A second wave of the coronavirus pandemic is raising its ugly head. It is putting Middle East leaders at a crossroads as they struggle to contain the disease and tackle its economic fallout.
The question is whether they are getting the message: neither containing and controlling the virus nor economic recovery is a straight shot. Both are likely to involve a process of two steps forward, one step backwards, and no state can successfully tackle the multiples crises on its own.
Coronavirus can amplify tensions in the Middle East
The Middle East is a part of the world in which conflicts and problems are not just complex but inherently interconnected. The pandemic poses not only political, economic, and social challenges. It also calls into question regional security arrangements that reinforce fault lines rather than create an environment that allows rivals to collectively manage disputes as well as diseases whose spread is not halted by physical and other boundaries.
At stake is not just regional but also global security. Focused on their own healthcare and economic crises, Western nations ignore Middle Eastern and North African instability at their peril. They risk waking up to threats that could have been anticipated.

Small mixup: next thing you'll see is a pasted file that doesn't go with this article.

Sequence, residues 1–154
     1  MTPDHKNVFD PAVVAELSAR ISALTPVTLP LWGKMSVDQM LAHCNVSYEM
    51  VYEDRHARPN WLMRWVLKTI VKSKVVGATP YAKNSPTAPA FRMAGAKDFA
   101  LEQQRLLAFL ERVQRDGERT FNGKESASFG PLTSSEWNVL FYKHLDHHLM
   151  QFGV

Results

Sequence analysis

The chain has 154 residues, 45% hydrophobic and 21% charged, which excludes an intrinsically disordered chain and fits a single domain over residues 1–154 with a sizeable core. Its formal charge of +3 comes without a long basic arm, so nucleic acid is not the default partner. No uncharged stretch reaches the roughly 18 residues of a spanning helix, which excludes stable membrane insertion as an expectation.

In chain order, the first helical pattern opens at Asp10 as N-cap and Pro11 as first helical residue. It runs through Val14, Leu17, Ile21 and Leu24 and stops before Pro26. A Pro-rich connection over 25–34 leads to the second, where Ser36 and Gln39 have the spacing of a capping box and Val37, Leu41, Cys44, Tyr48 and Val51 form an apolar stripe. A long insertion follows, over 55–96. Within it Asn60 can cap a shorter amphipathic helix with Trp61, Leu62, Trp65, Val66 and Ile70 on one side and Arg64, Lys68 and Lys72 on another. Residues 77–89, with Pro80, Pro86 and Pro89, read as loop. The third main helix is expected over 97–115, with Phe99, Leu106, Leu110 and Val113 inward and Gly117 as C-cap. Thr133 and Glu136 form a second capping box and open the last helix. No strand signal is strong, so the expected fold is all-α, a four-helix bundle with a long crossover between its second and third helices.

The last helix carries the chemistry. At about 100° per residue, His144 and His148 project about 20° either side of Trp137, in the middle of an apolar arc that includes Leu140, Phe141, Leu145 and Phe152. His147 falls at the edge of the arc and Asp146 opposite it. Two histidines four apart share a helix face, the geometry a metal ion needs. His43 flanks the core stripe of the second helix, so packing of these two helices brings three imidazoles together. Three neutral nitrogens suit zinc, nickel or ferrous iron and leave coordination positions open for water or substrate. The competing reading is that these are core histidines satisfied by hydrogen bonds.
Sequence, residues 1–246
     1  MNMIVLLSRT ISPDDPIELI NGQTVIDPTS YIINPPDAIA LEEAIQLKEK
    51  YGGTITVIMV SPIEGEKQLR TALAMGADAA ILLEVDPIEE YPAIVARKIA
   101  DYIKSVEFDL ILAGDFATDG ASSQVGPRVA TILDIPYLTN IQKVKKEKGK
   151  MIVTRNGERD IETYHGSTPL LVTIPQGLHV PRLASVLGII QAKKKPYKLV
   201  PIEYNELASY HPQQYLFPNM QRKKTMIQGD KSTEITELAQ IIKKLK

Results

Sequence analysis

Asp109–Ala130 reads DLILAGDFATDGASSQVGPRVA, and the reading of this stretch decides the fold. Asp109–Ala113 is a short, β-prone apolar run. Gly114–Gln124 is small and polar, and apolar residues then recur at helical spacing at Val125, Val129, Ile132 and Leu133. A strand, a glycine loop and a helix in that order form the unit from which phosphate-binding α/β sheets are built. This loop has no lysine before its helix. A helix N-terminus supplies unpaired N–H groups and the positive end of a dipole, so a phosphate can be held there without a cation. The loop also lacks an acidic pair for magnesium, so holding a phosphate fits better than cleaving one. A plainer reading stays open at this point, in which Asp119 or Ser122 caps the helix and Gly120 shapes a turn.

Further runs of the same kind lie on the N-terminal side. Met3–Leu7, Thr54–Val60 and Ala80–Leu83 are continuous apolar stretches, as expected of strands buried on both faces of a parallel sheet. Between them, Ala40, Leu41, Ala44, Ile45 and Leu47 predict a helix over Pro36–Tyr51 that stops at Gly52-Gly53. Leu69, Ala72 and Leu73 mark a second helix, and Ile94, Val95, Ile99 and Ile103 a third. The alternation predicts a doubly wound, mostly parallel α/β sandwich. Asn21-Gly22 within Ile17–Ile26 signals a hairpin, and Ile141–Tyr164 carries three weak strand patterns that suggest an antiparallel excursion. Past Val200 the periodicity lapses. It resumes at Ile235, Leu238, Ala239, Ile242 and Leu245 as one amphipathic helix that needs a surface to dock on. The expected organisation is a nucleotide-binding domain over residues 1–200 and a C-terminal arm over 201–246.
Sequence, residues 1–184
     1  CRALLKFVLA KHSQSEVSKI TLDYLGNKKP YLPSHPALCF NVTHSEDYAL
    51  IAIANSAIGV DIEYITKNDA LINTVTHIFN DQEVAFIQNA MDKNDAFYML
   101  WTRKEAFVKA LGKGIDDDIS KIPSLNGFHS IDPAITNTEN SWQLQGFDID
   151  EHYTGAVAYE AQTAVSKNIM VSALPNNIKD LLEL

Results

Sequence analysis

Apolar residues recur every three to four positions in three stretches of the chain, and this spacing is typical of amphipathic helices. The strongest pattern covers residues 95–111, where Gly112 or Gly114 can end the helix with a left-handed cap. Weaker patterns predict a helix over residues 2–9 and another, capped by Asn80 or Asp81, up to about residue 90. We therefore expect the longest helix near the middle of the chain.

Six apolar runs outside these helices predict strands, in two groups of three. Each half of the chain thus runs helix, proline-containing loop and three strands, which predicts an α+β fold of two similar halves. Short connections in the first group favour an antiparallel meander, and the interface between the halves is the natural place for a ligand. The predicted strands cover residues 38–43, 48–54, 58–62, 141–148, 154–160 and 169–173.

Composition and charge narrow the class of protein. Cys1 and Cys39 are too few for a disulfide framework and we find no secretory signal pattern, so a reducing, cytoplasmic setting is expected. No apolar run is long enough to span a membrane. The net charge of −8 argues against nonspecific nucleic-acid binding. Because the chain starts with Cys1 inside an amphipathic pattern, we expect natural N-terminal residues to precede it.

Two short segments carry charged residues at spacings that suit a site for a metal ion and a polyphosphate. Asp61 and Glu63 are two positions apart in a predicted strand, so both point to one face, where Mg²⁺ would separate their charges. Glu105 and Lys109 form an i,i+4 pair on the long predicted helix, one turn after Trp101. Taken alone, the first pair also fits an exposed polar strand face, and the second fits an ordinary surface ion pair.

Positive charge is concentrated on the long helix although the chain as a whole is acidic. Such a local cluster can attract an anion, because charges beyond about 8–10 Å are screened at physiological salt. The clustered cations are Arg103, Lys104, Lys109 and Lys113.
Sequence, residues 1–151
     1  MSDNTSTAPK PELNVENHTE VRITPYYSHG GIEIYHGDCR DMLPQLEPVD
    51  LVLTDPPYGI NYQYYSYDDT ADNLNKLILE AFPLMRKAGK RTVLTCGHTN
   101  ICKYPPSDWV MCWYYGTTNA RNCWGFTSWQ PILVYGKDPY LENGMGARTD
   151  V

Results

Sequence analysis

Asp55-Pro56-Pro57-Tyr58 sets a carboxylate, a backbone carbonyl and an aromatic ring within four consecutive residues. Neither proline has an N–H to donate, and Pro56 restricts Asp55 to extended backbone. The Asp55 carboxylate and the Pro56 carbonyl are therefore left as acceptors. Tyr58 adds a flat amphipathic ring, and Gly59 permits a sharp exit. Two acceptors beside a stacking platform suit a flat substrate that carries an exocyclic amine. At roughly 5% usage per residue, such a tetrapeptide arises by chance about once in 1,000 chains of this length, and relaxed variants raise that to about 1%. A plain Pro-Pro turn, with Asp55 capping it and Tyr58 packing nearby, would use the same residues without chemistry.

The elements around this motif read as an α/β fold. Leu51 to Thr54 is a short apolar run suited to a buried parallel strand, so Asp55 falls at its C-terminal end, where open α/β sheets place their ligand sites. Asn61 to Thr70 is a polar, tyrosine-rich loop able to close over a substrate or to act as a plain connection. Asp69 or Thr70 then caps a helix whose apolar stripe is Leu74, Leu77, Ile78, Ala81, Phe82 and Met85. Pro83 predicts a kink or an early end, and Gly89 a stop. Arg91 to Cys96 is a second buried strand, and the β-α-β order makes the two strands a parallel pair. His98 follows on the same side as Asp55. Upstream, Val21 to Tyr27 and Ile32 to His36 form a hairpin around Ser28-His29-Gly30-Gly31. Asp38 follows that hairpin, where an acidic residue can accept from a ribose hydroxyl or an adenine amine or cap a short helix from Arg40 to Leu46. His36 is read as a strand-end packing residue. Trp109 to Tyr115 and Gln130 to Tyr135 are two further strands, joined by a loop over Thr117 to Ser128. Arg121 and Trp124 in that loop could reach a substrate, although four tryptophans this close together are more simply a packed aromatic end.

Russian involvement in Libya
Suspected Russian hopes that an end to the Libyan war would allow for the creation of a Russian military base on the southern shore of the Mediterranean that would complement facilities in Syria would be one such impending threat.
“Russia wants a foothold in Libya, and that’s a fact,” said Pavel Felgenhauer, a Russian military analyst at the Jamestown Foundation. US officials warned that a permanent Russian presence would enhance Russia’s efforts to weaken the already strained trans-Atlantic alliance.
The prospect of increased Russian influence in the Mediterranean coupled with China’s expanding sway over ports in the Eastern Mediterranean raises the specter of emboldening Turkey as it aggressively seeks to grow its control of energy-rich waters in the region in violation of international law.
Coronavirus can be defeated with cooperation
“To avoid the worst outcomes for an already fraught region, there is no substitute and frankly no alternative to some form of cooperation among regional actors. . . . With the Middle East likely to emerge from the COVID-19 crisis more fragile and potentially explosive than before, a cooperative architecture that can build regional resilience is an imperative,” said strategist Steven Kenney and international relations scholar Ross Harrison in a just released Washington-based Middle East Institute report.
The economic part of the message is already evident: Putting an end to the pandemic and economic recovery will be a painful and long-drawn-out process.